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Mike Blake reviews the latest plastic figures for collectors
This time Len Cooksey really has come up with something special plastic resin 1:32 scale figures for the Marlburian Period! John Churchill, 1st Duke of Marlborough, Prince of Mindelheim, KG, PC, 26 May 1650 16 June 1722 ), was an English soldier and statesman whose career spanned the reigns of five monarchs. Rising from a lowly page at the court of the House of Stuart, he served James, Duke of York, through the 1670s and early 1680s, earning military and political advancement through his courage and diplomatic skill. Churchill's role in defeating the Monmouth Rebellion in 1685 helped secure James on the throne, yet just three years later he abandoned his Catholic patron for the Protestant Dutchman, William of Orange. Honoured for his services at William's coronation with the earldom of Marlborough, he served with further distinction in the early years of the Nine Years' War.
It was not until the accession of Queen Anne in 1702 that Marlborough reached the zenith of his powers and secured his fame and fortune. His leadership of the allied armies in the War of the Spanish Succession consolidated Britain's emergence as a front-rank power. Throughout ten consecutive campaigns Marlborough held together a discordant coalition through his sheer force of personality and raised the standing of British arms to a level not known since the Middle Ages.
The War of the Spanish Succession, 17011714, was fought between two European alliances. Several battles are considered 'classics', notably Blenheim (1704) and Ramillies (1706), which drove the French from Germany and the Netherlands, and Almansa (1707). Inconclusive fighting and skirmishing in Spain followed and then the action turned to France. After considerable manoeuvring with little in the way of results, the French were decisively defeated by Marlborough and Eugene at the Battle of Oudenarde (1708). This led to the Grand Alliance Pyrrhic victory at Malplaquet (1709) and a Two Crowns victory at the Battle of Villaviciosa (1710). Continued skirmishing, sieges, and battles, such as the decisive victory of Denain (1712), allowed the French to re-capture considerable ground. At the same time, a series of events led to the Allied cause faltering. The recall of the Duke of Marlborough for political reasons, combined with a new parliament pressing for peace, dramatically reduced the effectiveness of the British forces. The decade long war was concluded by the treaties of Utrecht (1713) and Rastatt (1714).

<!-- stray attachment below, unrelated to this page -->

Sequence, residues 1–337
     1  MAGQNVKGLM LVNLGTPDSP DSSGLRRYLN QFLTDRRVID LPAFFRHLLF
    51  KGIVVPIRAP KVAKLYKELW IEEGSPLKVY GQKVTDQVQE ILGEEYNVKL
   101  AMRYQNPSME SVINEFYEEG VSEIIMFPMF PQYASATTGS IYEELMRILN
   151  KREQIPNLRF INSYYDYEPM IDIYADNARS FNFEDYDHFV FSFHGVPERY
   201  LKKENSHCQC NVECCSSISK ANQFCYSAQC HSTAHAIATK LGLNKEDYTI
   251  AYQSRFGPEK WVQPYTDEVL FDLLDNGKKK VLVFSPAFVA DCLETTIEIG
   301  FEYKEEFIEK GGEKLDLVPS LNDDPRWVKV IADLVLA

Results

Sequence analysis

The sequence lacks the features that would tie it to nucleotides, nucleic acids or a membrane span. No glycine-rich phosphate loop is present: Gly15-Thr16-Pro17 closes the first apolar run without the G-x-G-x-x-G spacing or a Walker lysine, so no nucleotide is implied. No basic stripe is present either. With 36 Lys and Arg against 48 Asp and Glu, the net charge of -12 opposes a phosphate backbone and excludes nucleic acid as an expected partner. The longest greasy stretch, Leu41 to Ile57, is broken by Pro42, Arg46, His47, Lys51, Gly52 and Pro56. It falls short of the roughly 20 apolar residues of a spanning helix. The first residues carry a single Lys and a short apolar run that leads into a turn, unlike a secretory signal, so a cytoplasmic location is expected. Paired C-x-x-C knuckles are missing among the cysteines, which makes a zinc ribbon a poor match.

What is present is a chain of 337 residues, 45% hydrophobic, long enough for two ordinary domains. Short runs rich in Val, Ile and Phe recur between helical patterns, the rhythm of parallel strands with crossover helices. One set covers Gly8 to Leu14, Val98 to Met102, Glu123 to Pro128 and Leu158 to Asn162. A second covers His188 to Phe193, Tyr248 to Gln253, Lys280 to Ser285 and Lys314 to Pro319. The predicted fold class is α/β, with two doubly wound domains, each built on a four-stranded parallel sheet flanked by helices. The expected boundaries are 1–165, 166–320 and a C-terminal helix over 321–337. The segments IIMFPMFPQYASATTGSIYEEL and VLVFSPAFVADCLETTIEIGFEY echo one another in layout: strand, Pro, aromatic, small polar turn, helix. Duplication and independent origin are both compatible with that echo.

Sadly neglected by figure makers, the War is fertile ground for collectors and wargamers. The uniforms of the various armies were all virtually the same, differing only in colour and minor details but all conforming to the same basic pattern. This means that will a minimal number of figures all the armies can be covered. This is exactly what Ivanhoe have done with their new set of figures for the period.
With just two foot and one mounted body, and three heads (though it seems there are actually four) all the necessary types can be made. The infantry bodies are standing firing and standing at attention. The mounted body has a drawn sword and a carbine. The heads are tricorne, Grenadier mitre cap and Fusilier/Dragoon low fronted cap. By combining heads with bodies armies of foot, grenadiers, fusiliers, horse, horse grenadiers and dragoons can be made. For the latter the foot figures could be used for the dismounted versions, with the addition of a sheathed sword and sling, and boot tops.
Please note that Len has been good enough to send me the prototypes to photograph, as he sold out of all his castings at the last London Show! The actual production figures are much better than these of course, so please bear that in mind when looking at the photos as they really are splendid little fellows. The bad news is that Les has developed an allergy to resin, and has had to stay off casting for a while. Hopefully by the time this review appears he will have recovered we would all wish him a speedy recovery I am sure.
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